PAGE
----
For the first time in 89 years, the solid oak doors of Abbey Road Studios have closed. The north London recording studio has been at the reverberating heart of British music since its grand opening. It was here, in that inaugural year of 1931, that the ageing Edward Elgar conducted Land of Hope and Glory, and it remained open during the Second World War – Glenn Miller made his final recordings there in 1944. The Beatles made it famous in the 1960s. Kate Bush, Sting, Blur, Radiohead, Amy Winehouse, Adele and Ed Sheeran have all recorded there. But today the studio website informs all comers that: “In line with the strict measures introduced by the UK Government to limit the spread of Covid-19, the Studios are now closed for at least three weeks, with just our security team remaining in place.” And with Abbey Road’s technical wizards all in lockdown, even the studio’s online mixing and mastering services are no longer available.
Abbey Road’s closure is emblematic of the near-total halt in activity across the music industry. Geoff Taylor, chief executive of the BPI (British Phonographic Industry), says that, before the pandemic, the nation’s music industry remained the world’s most successful exporter of music after the US and had been “reporting a strong performance in 2019, with revenues rising 7.3 per cent, the fourth successive year of growth”.
But this spring’s growth has been nipped in the bud. “The most profound effects of the virus on the music industry have been cessation of all live performances and gigs, recording sessions and video shoots,” says Taylor. “This puts at immediate risk the livelihoods of thousands of musicians and other self-employed workers in music and across the creative industries more widely. We are very concerned about the impact on artists, venues and freelancers right across the music business. According to UK Music, which represents the whole music industry including the live sector, around 72 per cent of those who are work in the music industry are self-employed.”
While the arena-sized venues and major festivals might weather the storm, the smaller venues are in serious peril. Mark Davyd is CEO of the Music Venues Trust which represents 670 grassroots venues across the UK. “Of those,” he says, “114 describe themselves as ‘relatively secure’ for the next eight weeks, which leaves 556 under threat of imminent closure. That’s 83 per cent of the entire grassroots sector. The main problem for these venues is rent. The government action so far ensures they can’t be evicted, but all that does is defer the eviction order to the day the government changes the rules.”
Venues in the major cities might be at greater risk. Businesses with a rateable value of under £51,000 can get access to a small grant of between £10-25,000. But businesses worth more than that do not qualify. This means that venues of similar capacity outside of the M25, for example, will qualify, but those of exactly the same type within it will not. Davyd sighs as he describes “a small, 120-seat jazz club with a £78,000 rateable value that looks doomed as things stand”.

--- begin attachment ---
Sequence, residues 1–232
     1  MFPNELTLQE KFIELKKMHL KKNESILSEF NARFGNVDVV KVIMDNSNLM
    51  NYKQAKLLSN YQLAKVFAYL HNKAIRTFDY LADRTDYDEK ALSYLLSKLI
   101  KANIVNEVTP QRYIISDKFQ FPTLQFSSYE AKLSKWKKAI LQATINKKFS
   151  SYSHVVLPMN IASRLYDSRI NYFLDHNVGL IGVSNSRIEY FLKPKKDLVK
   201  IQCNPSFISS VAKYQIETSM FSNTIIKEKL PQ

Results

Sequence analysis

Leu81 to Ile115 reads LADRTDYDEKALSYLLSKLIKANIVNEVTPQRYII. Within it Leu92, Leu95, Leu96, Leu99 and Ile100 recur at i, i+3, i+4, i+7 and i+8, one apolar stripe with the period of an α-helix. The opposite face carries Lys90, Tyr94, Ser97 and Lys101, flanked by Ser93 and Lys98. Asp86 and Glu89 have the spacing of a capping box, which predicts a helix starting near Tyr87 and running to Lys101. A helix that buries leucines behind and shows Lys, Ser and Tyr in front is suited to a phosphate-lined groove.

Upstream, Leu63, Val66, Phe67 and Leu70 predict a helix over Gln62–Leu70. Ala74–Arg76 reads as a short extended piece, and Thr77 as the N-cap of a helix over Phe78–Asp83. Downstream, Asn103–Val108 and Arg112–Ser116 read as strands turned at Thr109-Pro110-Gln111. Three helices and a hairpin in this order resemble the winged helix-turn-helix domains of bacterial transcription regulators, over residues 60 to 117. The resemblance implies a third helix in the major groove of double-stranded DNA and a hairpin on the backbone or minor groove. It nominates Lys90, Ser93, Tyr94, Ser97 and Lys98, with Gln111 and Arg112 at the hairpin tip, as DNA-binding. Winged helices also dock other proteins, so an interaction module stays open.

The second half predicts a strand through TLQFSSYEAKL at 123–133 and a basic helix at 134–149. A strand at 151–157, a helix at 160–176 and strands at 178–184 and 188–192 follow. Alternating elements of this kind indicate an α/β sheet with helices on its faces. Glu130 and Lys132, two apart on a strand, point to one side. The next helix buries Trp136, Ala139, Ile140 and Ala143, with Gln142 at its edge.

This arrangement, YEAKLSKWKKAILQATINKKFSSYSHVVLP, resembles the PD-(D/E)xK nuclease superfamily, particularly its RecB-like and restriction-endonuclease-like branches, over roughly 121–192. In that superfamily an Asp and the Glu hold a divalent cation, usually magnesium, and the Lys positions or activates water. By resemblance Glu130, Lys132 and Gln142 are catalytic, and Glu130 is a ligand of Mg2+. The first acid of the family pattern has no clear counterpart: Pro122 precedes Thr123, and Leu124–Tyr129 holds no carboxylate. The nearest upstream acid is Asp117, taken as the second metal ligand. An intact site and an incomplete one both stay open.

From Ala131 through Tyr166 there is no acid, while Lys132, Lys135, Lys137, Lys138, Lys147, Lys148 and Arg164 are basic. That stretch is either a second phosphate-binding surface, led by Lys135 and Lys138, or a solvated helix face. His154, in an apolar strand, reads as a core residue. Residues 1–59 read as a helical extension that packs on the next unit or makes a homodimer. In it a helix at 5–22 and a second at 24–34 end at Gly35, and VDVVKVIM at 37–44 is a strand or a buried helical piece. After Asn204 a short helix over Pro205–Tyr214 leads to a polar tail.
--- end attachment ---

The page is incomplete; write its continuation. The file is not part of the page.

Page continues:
Davyd says the venues will also struggle to pay staff wages. “Although many can furlough their staff and claim the money back, they need to pay staff through March and April and they won’t be able to get it back until May. Most venue owners are either classified as directors of limited companies or sole trading entities, paying themselves by dividends, which mean they don’t qualify for self-employment help. Beyond that they have commitments to loans and suppliers.”
While the Music Venue Trust is “appreciative of what the government has done… they’re offering blunt instruments at the moment which don’t suit the specific needs of the industry. We are working with the government and pressing them to move on to the detail very quickly. Over 200 venues have applied for the Coronavirus Business Interruption Scheme Loan and, so far, none of those venues have been successful. They cannot persuade the banks – which are not used to dealing with the cultural sector – that they are a viable risk.”
The second major area of concern is the physical music business. With the large retailers like HMV and independent shops closed, and online retailers such as Amazon (estimated to sell around half of physical music products in the UK) and supermarkets concentrating their efforts on home essentials and not restocking CDs, sales have fallen sharply. Taylor confirms that sales are “down by around 50 per cent with further falls likely over the coming weeks. Online mail order has been able to take up some of the slack, but there is the risk that reduced staffing and logistics constraints may affect the physical distribution chain as the virus spreads. Physical formats remain important for the UK business, generating £325m in retail spend in 2019, and for consumers, who love building a physical collection and enjoy the experience and community of browsing in a record store.”